ELLIOTT COUNTY, Ky. (WSAZ) -- When it comes to smoking, the state of Kentucky is the worst in the country. The Bluegrass State ranks number one in the nation in lung cancer deaths. That's why several groups are now working together to send the message that smoking can be deadly, even if you're not the one lighting up.
Researchers from the University of Kentucky College of Nursing, in partnership with Smoke Free Kentucky, conducted the first-ever indoor air quality study in Elliott and Lawrence counties. They found several businesses and restaurants contain harmful levels of secondhand smoke.
"I think we still need to get the message out that secondhand smoke is dangerous," Carol Riker said.
Researchers used this device to test the air pollution at 11 businesses in the two counties. They say the results are proof positive that even non-smokers are breathing in an unhealthy amount of secondhand smoke.
According to the study, the levels of indoor air pollution from secondhand smoke are 3.1 times higher than in Lexington after the implementation of their comprehensive law. Researchers say the level of air pollution in Elliott and Larence counties' hospitality venues was 1.6 times higher than the National Ambient Air Quality Standard for outdoor air.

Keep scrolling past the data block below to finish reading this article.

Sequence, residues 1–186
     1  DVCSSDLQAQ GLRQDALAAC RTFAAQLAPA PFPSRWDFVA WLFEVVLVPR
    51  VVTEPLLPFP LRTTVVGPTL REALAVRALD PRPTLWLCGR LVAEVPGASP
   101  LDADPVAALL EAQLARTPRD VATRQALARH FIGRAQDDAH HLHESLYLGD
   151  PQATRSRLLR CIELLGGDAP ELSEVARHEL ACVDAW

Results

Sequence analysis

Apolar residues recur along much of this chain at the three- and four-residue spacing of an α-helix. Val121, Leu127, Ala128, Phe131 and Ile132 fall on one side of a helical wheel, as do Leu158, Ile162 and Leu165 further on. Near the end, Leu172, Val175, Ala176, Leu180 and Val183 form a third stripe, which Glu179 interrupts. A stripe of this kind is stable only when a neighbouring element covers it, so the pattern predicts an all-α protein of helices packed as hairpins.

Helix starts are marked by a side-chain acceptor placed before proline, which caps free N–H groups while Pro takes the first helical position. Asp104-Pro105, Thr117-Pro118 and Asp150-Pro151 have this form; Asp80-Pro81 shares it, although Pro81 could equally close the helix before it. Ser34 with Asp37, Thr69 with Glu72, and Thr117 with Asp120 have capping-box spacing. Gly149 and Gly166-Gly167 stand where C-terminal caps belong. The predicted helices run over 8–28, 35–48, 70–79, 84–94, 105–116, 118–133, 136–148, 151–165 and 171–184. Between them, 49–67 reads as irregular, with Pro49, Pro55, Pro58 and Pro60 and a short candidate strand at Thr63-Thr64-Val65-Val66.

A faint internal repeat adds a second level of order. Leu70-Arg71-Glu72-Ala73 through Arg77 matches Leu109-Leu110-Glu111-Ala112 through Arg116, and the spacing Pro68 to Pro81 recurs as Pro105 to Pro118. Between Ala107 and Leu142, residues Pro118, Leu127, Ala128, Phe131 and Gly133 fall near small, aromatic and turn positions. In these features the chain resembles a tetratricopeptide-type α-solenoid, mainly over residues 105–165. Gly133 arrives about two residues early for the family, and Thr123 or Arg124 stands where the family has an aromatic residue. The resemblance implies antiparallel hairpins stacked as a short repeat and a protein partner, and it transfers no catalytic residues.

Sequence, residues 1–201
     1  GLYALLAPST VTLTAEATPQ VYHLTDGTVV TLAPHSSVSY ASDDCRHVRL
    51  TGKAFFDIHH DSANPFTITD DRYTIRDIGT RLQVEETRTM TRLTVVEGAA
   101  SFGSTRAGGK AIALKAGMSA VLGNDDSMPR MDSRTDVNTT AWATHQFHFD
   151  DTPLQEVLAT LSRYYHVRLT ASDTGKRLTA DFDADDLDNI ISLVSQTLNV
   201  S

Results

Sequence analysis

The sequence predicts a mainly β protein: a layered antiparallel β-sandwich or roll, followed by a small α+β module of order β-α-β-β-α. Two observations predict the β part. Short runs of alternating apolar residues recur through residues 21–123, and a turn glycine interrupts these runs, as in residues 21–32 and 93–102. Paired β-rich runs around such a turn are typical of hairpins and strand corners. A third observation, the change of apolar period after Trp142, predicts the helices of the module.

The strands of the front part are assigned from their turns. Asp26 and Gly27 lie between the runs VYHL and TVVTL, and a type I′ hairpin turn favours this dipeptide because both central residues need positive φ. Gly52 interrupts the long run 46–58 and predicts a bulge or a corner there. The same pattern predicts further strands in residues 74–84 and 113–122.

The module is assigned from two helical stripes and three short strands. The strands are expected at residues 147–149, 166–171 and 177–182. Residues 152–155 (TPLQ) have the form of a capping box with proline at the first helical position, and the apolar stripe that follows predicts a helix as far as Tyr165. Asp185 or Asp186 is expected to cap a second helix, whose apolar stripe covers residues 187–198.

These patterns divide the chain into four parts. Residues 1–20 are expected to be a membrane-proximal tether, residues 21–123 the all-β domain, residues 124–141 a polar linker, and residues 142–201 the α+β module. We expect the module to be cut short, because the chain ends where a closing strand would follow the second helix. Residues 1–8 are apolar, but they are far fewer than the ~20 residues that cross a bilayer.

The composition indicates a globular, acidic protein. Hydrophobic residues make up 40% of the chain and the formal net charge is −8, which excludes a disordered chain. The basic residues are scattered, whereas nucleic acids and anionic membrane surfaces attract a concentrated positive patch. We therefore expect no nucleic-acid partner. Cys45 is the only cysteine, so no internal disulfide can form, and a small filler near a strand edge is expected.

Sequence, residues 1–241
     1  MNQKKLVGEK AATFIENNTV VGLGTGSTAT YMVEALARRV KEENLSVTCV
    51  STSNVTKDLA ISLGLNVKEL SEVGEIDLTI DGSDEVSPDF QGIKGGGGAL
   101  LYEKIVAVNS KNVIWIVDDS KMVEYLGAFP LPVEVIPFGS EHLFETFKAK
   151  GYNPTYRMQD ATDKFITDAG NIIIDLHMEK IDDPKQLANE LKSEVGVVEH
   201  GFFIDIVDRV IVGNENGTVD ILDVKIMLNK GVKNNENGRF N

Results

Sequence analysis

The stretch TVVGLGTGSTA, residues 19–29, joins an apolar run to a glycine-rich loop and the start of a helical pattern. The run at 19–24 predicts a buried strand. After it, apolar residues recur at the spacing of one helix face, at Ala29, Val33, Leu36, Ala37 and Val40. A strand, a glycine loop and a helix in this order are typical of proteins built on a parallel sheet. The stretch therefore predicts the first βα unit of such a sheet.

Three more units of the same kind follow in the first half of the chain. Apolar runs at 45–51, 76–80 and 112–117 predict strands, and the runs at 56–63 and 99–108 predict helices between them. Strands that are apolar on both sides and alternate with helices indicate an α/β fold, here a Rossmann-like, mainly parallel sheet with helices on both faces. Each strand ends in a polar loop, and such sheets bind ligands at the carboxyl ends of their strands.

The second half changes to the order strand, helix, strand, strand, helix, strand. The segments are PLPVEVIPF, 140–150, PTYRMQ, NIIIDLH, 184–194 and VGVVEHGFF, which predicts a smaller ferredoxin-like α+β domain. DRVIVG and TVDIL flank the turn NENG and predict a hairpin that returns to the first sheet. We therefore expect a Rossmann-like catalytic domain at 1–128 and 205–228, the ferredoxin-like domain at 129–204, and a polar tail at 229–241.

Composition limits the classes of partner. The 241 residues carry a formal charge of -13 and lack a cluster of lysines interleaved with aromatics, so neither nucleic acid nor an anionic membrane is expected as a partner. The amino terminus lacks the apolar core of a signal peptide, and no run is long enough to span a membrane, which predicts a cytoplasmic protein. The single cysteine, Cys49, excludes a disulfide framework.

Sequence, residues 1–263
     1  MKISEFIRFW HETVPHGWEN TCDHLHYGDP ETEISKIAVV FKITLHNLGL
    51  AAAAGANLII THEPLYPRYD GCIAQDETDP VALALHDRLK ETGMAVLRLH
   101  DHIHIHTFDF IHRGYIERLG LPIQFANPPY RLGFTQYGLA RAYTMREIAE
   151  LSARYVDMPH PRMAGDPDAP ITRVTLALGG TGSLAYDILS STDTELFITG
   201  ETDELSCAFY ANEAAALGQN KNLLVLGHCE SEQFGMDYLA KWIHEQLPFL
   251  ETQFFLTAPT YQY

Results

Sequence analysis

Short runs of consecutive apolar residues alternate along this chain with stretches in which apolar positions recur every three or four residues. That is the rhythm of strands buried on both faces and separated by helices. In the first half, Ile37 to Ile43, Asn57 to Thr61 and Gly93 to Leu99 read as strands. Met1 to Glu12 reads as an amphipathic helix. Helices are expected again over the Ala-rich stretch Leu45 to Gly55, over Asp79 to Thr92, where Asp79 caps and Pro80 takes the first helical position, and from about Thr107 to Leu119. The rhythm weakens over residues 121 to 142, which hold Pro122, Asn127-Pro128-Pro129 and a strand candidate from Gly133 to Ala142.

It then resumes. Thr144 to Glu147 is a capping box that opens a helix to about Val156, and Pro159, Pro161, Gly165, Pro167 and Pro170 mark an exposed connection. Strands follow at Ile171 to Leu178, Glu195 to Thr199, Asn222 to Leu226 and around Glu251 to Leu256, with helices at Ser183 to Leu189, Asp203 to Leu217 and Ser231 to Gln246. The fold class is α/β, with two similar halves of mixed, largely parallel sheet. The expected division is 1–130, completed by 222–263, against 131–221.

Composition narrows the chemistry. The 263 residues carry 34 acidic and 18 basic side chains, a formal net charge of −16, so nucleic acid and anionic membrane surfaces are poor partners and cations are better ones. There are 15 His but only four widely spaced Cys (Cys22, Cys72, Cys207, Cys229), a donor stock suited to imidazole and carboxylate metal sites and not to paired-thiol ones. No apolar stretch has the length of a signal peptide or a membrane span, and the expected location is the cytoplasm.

"We're used to Kentucky being a tobacco-growing state and thinking oh its just a nuisance," Riker said. "But we don't realize what it's doing inside our bodies. It has toxic chemicals, cancer-causing chemicals.
It's in the air whether we see it, smell it or not."
The researchers behind the study hope the results will spur rural areas in Kentucky to pass smoking bans at restaurants and other public places, but it won't be easy. Kentucky is one of the few states left in the nation without comprehensive smoke-free workplace laws. In fact, 65 percent of the state still has no smoking ban of any kind.
For Roger Cline, the fight for a smoking ban is personal.
"My wife was a non-smoker," Cline said. "Never smoked a cigarette in her life, but she had been exposed to second-hand smoke. As a result of that, she ended up with lung cancer. When the doctor told her you have cancer, my world fell apart."
Cline hopes this study will lead to changes that prevent families like his from going through such tragedy.
"If we can save one life, or save one person from having to suffer the way my wife did ... It would be worth it," Cline said.
Only 38 communities across Kentucky have enacted smoke-free laws or regulations.